The world is designed for the 80% of people who are able-bodied. Often making tasks tedious or even impossible for those with different needs. This that would be easy to solve if our product teams just looked a bit wider than our own myopic experiences and understood disabled peoples needs. By improving products and services for the 20% actually improves things for the 80% too. When you design for people with the most extreme needs you make life better for everyone.

How to user test to ensure accessibility

Usability testing plays a pivotal role in validating the effectiveness of accessibility features and ensuring a seamless user experience for individuals with disabilities. By involving users with diverse abilities in usability testing sessions, designers can gather real-world feedback on the accessibility of their products. This iterative process allows for the identification of usability barriers and the refinement of design solutions to better meet the needs of all users. Moreover, usability testing serves as an opportunity to educate stakeholders about the importance of accessibility and its impact on user satisfaction and retention.

Here are some User Testing guidelines provided by Digital Scientists

  1. Recruiting a larger number of participants: Different users might share a diagnosis but have completely different experiences. Testing with a bigger number of participants takes into account the array of experiences.
  2. Establish community partners: By establishing connections with community partners with the necessary expertise to cater to their community’s unique requirements.They have key informational materials that help our education, they also have specialists to go to for support and consulting, and often have assistive technology specialists on hand who can provide us with additional support when testing products in a usability test.
  3. Prioritise an accessible user testing experience for participants: ensure that participants have all they need to allow for a smooth experience. Take into account the location, communication needs and time flexibility.
  4. Maintain privacy information: During usability tests, participants may share personal and sensitive information, such as private health information, personal stories, or sometimes protected data.
  5. Be open to critique: One of the things we enjoy the most about accessibility testing is opening ourselves up to receive critique, as it allows us to improve our products and testing methods. We can improve our products and testing methods by listening to user feedback to meet diverse needs better.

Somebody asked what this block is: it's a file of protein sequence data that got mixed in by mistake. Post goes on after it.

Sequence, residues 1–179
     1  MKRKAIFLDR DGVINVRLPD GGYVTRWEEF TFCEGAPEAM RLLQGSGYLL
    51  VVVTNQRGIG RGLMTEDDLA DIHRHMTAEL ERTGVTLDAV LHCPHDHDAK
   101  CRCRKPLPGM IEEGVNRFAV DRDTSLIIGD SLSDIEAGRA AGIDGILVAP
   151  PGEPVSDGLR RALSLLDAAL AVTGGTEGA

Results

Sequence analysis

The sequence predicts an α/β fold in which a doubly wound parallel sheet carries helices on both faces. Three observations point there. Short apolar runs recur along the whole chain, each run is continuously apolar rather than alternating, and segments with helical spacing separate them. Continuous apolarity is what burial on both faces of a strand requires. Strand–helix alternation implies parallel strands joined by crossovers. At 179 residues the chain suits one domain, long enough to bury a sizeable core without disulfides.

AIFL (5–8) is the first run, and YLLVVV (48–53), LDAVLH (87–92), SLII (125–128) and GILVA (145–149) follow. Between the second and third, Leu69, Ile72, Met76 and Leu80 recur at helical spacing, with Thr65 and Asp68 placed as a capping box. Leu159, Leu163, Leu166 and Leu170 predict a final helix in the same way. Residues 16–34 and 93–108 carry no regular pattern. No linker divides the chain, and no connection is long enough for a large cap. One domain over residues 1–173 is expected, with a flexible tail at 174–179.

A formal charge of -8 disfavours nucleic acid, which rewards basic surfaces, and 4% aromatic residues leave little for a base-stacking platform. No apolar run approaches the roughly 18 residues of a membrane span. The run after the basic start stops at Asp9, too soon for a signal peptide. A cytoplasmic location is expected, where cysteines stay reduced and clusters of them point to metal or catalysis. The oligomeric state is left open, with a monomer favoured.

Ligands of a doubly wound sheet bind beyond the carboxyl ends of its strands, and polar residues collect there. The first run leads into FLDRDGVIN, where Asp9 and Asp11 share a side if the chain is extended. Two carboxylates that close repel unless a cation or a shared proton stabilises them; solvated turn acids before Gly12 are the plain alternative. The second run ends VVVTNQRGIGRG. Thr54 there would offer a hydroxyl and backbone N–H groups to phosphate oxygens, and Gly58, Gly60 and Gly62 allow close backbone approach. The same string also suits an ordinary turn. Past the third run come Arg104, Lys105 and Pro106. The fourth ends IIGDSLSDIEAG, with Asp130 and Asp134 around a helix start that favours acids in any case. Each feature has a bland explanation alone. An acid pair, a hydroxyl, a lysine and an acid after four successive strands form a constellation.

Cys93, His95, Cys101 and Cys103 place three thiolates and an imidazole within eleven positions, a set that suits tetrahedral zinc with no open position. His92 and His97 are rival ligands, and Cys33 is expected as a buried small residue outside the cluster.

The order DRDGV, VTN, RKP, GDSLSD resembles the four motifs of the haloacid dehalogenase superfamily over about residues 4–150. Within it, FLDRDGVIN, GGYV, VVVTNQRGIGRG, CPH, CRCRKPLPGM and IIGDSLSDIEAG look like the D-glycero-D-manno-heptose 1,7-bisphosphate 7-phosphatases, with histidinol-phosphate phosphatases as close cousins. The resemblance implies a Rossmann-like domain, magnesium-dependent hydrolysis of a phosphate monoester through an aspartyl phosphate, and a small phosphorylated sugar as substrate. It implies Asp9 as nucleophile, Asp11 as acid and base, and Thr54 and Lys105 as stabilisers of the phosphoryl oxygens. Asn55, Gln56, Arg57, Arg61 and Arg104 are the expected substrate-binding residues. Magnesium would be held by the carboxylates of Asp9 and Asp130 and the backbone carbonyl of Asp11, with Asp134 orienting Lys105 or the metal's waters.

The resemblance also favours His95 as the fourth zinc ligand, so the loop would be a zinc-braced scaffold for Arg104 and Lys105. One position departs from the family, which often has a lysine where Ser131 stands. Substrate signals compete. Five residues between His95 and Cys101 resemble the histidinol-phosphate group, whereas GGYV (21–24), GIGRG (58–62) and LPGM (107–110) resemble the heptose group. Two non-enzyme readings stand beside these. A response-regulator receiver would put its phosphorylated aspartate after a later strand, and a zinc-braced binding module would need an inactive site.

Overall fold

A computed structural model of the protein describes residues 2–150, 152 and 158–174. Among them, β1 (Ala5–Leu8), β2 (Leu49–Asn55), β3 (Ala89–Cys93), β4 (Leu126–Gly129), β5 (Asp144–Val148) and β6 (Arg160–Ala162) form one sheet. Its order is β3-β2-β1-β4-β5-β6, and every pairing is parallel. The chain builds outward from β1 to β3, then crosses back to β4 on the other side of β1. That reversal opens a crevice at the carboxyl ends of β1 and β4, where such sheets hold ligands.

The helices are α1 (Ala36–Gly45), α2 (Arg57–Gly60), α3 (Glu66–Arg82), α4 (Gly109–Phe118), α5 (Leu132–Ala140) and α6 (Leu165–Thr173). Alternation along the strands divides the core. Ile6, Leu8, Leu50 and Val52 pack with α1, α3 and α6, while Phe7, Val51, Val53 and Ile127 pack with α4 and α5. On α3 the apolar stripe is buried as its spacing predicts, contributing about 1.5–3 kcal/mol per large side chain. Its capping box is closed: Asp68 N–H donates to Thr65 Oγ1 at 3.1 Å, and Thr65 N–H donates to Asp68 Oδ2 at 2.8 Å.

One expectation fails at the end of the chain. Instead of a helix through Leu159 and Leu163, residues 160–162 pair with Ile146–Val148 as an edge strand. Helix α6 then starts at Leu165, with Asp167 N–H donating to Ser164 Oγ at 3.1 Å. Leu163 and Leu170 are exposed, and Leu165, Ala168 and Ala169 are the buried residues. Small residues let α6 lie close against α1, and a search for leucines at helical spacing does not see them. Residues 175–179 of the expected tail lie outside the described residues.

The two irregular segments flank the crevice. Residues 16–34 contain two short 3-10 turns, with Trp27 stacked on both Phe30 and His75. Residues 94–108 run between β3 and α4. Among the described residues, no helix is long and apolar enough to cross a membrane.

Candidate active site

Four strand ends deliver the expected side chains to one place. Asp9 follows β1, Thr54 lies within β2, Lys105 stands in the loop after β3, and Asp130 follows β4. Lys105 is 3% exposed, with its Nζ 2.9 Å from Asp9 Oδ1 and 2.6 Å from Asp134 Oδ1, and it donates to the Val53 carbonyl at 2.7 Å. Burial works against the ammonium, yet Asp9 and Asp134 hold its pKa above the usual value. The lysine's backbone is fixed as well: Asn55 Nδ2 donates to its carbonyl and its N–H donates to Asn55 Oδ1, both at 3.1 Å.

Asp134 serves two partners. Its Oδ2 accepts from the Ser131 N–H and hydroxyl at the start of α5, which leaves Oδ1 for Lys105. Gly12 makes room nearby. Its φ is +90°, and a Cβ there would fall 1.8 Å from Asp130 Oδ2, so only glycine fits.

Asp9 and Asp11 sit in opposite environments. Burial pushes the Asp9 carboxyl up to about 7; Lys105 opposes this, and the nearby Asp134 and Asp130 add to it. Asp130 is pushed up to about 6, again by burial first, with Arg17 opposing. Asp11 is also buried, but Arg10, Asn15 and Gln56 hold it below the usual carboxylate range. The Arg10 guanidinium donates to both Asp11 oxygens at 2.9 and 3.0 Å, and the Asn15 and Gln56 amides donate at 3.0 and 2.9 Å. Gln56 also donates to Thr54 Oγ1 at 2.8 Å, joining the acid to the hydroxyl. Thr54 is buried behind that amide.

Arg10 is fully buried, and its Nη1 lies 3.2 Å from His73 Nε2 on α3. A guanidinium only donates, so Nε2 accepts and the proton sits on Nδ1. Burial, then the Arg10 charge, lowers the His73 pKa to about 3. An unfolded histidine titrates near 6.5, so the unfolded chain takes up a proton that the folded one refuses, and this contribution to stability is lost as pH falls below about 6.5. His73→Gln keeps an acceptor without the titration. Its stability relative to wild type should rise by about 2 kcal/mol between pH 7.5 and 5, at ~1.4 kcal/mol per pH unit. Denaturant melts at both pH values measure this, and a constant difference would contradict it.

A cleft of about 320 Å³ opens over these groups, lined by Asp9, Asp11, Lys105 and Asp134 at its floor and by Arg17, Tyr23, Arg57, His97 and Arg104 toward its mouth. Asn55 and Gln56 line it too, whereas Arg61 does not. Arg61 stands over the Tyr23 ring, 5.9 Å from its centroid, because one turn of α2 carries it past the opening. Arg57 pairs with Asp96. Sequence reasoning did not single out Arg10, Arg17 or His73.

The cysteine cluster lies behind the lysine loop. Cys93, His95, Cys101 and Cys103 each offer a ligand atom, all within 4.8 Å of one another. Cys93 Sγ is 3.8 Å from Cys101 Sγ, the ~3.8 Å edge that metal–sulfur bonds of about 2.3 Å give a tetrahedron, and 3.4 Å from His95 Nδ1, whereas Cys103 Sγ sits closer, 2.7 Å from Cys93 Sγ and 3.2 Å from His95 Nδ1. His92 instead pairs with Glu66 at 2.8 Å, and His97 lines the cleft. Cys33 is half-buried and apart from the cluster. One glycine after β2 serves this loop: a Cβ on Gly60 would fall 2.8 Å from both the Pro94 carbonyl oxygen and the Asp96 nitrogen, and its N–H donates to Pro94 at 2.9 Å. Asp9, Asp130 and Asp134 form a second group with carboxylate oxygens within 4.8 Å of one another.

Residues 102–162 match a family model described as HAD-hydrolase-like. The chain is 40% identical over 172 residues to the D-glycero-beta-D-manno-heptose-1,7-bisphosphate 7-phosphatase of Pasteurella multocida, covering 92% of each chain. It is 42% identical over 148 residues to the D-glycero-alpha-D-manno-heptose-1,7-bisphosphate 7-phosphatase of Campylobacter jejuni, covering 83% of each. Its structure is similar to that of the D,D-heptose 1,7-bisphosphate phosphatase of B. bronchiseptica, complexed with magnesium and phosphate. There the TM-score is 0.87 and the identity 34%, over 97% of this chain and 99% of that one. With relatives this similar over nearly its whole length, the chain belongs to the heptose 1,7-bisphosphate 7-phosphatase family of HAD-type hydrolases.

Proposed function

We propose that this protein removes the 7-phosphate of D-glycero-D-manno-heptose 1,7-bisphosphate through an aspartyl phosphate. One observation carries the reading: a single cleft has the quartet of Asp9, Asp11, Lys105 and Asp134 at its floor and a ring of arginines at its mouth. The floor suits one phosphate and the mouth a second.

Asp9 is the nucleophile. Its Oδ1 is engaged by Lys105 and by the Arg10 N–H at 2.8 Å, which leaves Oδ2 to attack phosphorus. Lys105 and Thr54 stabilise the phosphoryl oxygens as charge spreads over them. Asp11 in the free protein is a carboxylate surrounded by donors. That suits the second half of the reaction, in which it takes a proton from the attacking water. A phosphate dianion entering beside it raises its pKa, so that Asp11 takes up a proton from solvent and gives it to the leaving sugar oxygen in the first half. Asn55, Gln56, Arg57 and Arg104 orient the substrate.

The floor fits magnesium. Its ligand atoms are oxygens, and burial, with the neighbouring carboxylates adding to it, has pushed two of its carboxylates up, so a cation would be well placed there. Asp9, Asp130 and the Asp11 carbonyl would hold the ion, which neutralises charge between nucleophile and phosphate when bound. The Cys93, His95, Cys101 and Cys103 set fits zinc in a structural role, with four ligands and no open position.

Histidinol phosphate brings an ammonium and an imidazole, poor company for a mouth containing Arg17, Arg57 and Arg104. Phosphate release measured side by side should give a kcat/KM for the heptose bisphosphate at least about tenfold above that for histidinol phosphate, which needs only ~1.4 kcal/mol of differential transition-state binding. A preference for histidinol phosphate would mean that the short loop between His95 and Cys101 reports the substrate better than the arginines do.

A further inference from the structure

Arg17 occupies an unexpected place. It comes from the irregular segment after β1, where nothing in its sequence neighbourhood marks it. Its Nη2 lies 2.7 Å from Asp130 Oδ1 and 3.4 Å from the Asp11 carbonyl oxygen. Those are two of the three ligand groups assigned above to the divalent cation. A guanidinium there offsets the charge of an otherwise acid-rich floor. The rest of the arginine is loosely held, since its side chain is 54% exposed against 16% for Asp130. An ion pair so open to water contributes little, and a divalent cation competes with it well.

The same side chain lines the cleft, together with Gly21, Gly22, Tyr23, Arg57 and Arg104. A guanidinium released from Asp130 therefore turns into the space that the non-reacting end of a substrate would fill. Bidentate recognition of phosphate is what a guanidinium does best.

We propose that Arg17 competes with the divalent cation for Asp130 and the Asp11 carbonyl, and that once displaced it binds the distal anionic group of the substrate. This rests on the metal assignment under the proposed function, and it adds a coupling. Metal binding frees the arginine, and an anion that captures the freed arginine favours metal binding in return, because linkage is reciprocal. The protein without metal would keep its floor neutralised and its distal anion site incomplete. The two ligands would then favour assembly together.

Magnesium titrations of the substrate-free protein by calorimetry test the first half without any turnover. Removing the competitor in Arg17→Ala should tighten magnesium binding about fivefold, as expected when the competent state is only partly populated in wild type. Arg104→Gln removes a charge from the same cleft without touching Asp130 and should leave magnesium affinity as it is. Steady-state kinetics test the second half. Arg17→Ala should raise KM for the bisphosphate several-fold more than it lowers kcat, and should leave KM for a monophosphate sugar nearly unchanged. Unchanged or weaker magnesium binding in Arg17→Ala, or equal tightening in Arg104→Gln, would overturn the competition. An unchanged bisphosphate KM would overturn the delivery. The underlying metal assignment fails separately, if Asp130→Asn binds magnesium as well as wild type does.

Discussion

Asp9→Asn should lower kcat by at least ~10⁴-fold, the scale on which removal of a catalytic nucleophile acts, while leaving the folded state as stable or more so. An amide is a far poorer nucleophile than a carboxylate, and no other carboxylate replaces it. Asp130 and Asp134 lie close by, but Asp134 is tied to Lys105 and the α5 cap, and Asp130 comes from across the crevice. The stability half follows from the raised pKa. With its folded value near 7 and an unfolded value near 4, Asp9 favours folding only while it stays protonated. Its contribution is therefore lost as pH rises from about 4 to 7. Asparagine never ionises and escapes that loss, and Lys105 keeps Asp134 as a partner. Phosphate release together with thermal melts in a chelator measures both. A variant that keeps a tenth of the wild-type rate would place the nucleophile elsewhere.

Accessible design is not just a legal requirement; it is a fundamental principle of good design. By prioritizing accessibility research and usability testing, product teams and businesses at large can create products that empower all users to participate fully in the digital world. Embracing accessibility as a core design tenet not only fosters inclusivity but also enhances user satisfaction, fosters innovation, and expands market reach. As we continue to strive for a more inclusive society, let us remember that accessible design is not just about meeting standards; it is about embracing diversity and going above and beyond to unlock the full potential of technology for everyone.


Nosipho Nwigbo
Nosipho Nwigbo

UX Research Specialist

Connect on LinkedIn

Dig deeper into accessibility and user experience research

  • purple abstract visual for accessibility

    EAA – The next disruptive Europe wide directive

    Learn why the European Accessibility Act will be important for your business and how you can prepare your websites compliance before the laws of each member state are taking effect on June 28th 2024.

    • Accessibility
  • mid fidelity wireframe with content examples

    Start with the hardest part

    Compiling the actual content of marketing websites early on rapidly accelerates the design process. It also unlocks supreme stakeholder alignment, among plenty of other surprising benefits. Here’s to wireframing with real content and five hands-on takeaways to use for your next website project.

  • Abstract illustration of a cross and checkmark on a colorful background

    IN/OUT 2024 UX edition

    The official in and out list of 2024 at Dinghy, here's what we'd like to see more and less of in the upcoming year